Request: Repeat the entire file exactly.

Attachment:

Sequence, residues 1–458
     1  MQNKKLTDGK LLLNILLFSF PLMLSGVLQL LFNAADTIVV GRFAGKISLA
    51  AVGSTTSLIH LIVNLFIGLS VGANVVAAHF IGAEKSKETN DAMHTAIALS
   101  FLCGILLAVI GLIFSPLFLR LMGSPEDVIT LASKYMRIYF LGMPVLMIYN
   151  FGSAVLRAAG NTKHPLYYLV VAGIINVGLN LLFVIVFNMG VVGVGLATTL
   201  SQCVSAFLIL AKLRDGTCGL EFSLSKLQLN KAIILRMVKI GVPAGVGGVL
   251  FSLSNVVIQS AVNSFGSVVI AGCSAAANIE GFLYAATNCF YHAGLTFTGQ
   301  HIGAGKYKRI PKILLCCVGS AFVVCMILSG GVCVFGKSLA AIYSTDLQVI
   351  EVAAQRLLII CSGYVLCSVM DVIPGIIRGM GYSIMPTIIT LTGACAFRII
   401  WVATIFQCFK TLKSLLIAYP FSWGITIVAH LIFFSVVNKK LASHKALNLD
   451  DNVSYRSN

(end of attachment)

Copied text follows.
Sequence, residues 1–458
     1  MQNKKLTDGK LLLNILLFSF PLMLSGVLQL LFNAADTIVV GRFAGKISLA
    51  AVGSTTSLIH LIVNLFIGLS VGANVVAAHF IGAEKSKETN DAMHTAIALS
   101  FLCGILLAVI GLIFSPLFLR LMGSPEDVIT LASKYMRIYF LGMPVLMIYN
   151  FGSAVLRAAG NTKHPLYYLV VAGIINVGLN LLFVIVFNMG VVGVGLATTL
   201  SQCVSAFLIL AKLRDGTCGL EFSLSKLQLN KAIILRMVKI GVPAGVGGVL
   251  FSLSNVVIQS AVNSFGSVVI AGCSAAANIE GFLYAATNCF YHAGLTFTGQ
   301  HIGAGKYKRI PKILLCCVGS AFVVCMILSG GVCVFGKSLA AIYSTDLQVI
   351  EVAAQRLLII CSGYVLCSVM DVIPGIIRGM GYSIMPTIIT LTGACAFRII
   401  WVATIFQCFK TLKSLLIAYP FSWGITIVAH LIFFSVVNKK LASHKALNLD
   451  DNVSYRSN